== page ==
Meanwhile, the wild figure of English teacher and poet, Geoffrey Summerfield would appear in the house with bundles of proofs and samples of a brand new kind of book under his arm: a poetry anthology which would be full of poems and songs and chants and proverbs and lists from all over the world interleaved with the most fantastic photos, paintings and drawings that could be collected. New kinds of poetic voices suddenly appeared in the house: American, Australian, African, Caribbean, Scots, cockney – names like Carl Sandburg, Vachel Lindsay, Langston Hughes.
Volume knob on the radio…
Clearly, this was all going on in the context of education, but in my own personal case, the educators happened to be my parents, they were the nurturers, if you like!
But to return to the book that was published and which included the poems I’ve just read - . what happened to me in relation to that book? How and where was it read?
Well, anyone who writes a children’s book soon finds that they are confronted with a choice: do you take up the invitations that immediately come in from the agencies of children’s literature? Or do you ignore them? These invitations are about audience. Do you go and talk to or read to this or that group of children in a school, a nursery, a library, a book group? Do you talk to this or that group of educators or carers about your book, or about writing or perhaps about encouraging children to write? I chose to take up every invite that came.
This altered the reading process that surrounded the book. It set up oral situations where the poems were received by the audience as performance. The context for this was nearly always educational. I found myself in front of classes, sometimes, scarily to start off with, in front of whole schools of children. The performance of the poems was, then, an intervention in a pedagogy, or even a moment of pedagogy in itself. Apart from anything else, the poems started changing from quietly intoned readings into acted out dramas, monologues, chants and songs. The implication here was that there was space in schools for this kind of thing. It said or implied: ‘whatever English studies or literacy or literature teaching is, it could include the performance of poetry.’ What’s more, as I quickly found out, it could be directly linked to children’s and school students’ own writing. Just as I had found a springboard with, say, James Joyce, I was being asked by teachers to use my poems as a springboard for children’s own writing.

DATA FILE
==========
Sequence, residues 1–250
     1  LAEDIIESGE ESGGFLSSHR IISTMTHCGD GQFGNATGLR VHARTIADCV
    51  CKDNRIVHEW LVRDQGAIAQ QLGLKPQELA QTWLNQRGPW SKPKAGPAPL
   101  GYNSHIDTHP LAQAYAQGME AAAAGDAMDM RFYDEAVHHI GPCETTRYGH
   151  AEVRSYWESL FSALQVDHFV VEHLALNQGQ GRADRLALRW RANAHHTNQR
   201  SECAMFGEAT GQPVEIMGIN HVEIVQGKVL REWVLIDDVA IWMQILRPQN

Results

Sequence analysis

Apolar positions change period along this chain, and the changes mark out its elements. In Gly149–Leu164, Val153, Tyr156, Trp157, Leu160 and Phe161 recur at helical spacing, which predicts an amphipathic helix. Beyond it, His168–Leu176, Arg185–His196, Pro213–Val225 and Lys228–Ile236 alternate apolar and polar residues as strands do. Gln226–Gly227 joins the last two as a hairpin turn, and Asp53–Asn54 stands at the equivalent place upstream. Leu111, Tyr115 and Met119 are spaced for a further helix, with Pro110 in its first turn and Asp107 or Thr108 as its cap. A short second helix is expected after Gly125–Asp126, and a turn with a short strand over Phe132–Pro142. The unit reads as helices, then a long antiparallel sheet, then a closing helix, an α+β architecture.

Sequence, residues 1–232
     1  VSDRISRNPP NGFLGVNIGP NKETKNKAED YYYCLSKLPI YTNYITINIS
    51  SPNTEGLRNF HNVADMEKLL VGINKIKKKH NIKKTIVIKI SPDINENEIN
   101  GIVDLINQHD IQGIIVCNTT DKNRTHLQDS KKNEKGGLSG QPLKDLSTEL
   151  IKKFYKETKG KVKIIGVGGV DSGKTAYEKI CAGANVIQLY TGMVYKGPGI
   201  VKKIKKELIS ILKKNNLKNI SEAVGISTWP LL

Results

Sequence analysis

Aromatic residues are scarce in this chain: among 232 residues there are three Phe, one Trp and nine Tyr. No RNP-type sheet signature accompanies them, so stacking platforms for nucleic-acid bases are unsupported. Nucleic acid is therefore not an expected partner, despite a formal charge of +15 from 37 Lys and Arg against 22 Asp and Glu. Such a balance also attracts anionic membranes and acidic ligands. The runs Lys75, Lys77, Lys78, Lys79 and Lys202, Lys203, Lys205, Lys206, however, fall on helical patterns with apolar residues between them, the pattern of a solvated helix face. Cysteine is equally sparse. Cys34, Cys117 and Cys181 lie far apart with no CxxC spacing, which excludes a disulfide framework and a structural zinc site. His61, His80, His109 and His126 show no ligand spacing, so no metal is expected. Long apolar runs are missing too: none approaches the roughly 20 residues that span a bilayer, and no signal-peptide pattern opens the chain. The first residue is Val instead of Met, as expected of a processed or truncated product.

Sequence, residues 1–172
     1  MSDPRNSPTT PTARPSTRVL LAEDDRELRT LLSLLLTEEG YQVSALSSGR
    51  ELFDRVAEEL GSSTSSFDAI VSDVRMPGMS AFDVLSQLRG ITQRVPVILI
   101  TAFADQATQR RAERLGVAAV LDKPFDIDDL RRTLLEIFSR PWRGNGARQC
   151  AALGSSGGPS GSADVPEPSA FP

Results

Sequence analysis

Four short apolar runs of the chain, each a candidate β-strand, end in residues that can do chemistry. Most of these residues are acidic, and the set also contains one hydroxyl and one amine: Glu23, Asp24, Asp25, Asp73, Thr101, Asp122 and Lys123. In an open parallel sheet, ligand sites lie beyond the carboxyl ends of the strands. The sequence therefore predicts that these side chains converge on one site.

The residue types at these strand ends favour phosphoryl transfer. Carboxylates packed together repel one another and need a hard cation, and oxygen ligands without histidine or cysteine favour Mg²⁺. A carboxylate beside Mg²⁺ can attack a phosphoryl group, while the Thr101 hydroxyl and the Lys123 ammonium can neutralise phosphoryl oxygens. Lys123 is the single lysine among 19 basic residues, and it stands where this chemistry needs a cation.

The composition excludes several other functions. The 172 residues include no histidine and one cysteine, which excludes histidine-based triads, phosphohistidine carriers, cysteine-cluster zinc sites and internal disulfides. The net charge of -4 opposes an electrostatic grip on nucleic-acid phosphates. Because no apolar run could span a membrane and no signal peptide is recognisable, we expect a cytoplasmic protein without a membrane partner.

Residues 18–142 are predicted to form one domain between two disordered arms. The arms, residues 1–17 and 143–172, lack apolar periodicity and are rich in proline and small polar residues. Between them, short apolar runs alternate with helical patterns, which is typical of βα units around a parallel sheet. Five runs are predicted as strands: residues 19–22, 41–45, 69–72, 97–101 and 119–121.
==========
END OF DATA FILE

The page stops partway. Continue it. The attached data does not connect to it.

Mum disappearing in Mustard Custard
I know a man who sucked a pebble
So, let’s put this into the ideas that I began this talk with. Poems that began their life as an intended exploration of childhood with an adult poetry-reading audience had ended up in the institution of education. On occasions, I would hear of people who had read the poems at home, within nurture, if you like. The life described in the poems seemed on occasions seemed to have given some people fun on car journeys and on evenings when they were on holiday.
We sit down to eat and the potato’s a bit hot…
I think the effect of all this was almost unavoidable. That’s to say, the phrase ‘sense of audience’ was becoming tangible. In the performances and classroom conversations about the poems and in the sessions where children wrote poems themselves, I was becoming more and more aware of effects and responses from children, the business of what interested them, what interested me, what interested teachers and, as I say, on occasions what interested parents. This all sounds rather abstract.
I probably don’t have to spell out, that this piece of writing has a dual focus, how Mart reacted to the way I behaved and how my mother behaved. I’ve been fairly true to what actually happened there. In a sense, the dual address, (child and parent) that I’ve mentioned, is right at the heart of the writing. I have memories here that I was writing to the kinds of conflict that I would see around me in classrooms and playgrounds. I seem to remember that this was around the time what were called ‘beanies’ came in, woollen hats and hat-grabbing was big in Holloway Boys School, where I was a writer in residence. In a way, I saw myself as a translator – translating experiences that I had had and making them understandable to people who lived in the present world for children who had backgrounds very different from mine. You might be amused to know that this story in fact took place on a camping holiday and the Mart in question threw my hat over a gate into a field. I have then constructed a fiction based on what happened – ‘transformed my sources’ as the phrase goes. So you could argue that I’ve gone in for a bit of self-censorship, effacing what I think I may have feared was a context that wouldn’t speak to the children I was meeting. They didn’t do camping, but they did do buses. And with a bus, I could introduce a time element into the story, and give it a sense of urgency. Teachers who were almost solely responsible for my poems being read, would I thought, be able to get children talking about ripping hats off people’s heads, toughing things out, mums’ or dads’ responses to lost and mutilated clothes by way of getting their pupils writing from their own experience and in their own language. All notions I had imbibed at that kitchen table from my parents.